Robert Smithson b. 1938, Passaic, New Jersey; d. 1973, Amarillo, Texas
Slide projection of thirty-one 35 mm color slides (126 format) and audio recording of a lecture by the artist at the University of Utah in 1972 (42 min, 57 sec)
Solomon R. Guggenheim Museum, New York Purchased with funds contributed by the International Director's Council and Executive Committee Members: Edythe Broad, Henry Buhl, Elaine Terner Cooper, Linda Fischbach, Ronnie Heyman, Dakis Joannou, Cindy Johnson, Barbara Lane, Linda Macklowe, Brian McIver, Peter Norton, Willem Peppler, Denise Rich, Rachel Rudin, David Teiger, Ginny Williams, and Elliot K. Wolk, 1999
Estate of Robert Smithson/Licensed by VAGA, New York, NY
Robert Smithson may be best known for his Spiral Jetty (1970), a monumental spiral of crushed rock gracing the waters of Utah’s Salt Lake. But to characterize him simply as an Earthwork artist would be to miss the depth of his vision, which lies in the interstices between sculpture, Land art, photography, film, and the written word. Throughout his tragically short career, Smithson mounted an attack against the strictures of art history, which venerates the static object and divides art from the exigencies of the real world. He searched for an aesthetic form that would be coterminous with the world at large. His “nonsites,” fragments taken from a landscape and framed within a gallery, broke down the polarity between inside and outside, leaving open the possibility of a third term that would contain both. Time and the phenomenon of entropy were central to his project, and photography was the perfect medium through which to capture the process and effects of duration. The act of photographing—like the activities of mapping, measuring, digging, pouring, mirroring, and writing—was an essential component of Smithson’s practice. His photographic essay “A Tour of the Monuments of Passaic, New Jersey” (1967) describes tangible manifestations of entropic states—industrial structures that were already deteriorating at the time of their construction.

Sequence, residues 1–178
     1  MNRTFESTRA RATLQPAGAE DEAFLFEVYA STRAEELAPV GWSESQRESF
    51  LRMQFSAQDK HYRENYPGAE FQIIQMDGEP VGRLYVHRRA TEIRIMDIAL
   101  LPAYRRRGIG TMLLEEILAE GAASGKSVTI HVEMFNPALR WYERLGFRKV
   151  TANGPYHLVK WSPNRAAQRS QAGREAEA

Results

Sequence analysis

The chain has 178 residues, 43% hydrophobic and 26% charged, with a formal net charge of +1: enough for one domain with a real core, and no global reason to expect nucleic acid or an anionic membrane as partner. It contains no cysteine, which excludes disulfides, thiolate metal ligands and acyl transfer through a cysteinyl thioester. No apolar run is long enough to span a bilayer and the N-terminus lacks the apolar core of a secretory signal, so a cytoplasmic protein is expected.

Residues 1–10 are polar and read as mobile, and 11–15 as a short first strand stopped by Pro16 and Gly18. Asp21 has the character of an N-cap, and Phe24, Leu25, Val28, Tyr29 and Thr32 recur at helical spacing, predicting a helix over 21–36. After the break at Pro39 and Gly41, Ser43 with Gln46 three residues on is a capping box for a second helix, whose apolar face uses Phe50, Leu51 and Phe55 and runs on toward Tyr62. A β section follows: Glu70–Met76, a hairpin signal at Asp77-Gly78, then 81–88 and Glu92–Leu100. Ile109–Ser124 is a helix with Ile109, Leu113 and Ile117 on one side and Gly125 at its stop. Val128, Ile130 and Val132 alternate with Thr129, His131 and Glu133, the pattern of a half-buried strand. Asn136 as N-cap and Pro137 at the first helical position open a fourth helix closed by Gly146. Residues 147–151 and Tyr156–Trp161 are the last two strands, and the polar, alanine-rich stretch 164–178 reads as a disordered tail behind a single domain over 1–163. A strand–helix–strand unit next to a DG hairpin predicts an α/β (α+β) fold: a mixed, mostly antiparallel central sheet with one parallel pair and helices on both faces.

Hotel Palenque perfectly embodies the artist’s notion of a “ruin in reverse.” During a trip to Mexico in 1969, he photographed an old, eccentrically constructed hotel, which was undergoing a cycle of simultaneous decay and renovation. Smithson used these images in a lecture presented to architecture students at the University of Utah in 1972, in which he humorously analyzed the centerless, “de-architecturalized” site. Extant today as a slide installation with a tape recording of the artist’s voice, Hotel Palenque provides a direct view into Smithson’s theoretical approach to the effects of entropy on the cultural landscape.
While in Mexico, Smithson also created the Yucatan Mirror Displacements (1–9) by installing 12-inch-square mirrors on dispersed sites. The resulting series of nine color photographs was published in Artforum to accompany Smithson’s essay “Incidents of Mirror-Travel in the Yucatan” (1969). The mirrors reflected and refracted the surrounding environs, displacing the solidity of the landscape and shattering its forms. Part Earthwork and part image, the displacements contemplate temporality; while the mirror records the passage of time, its photograph suspends time.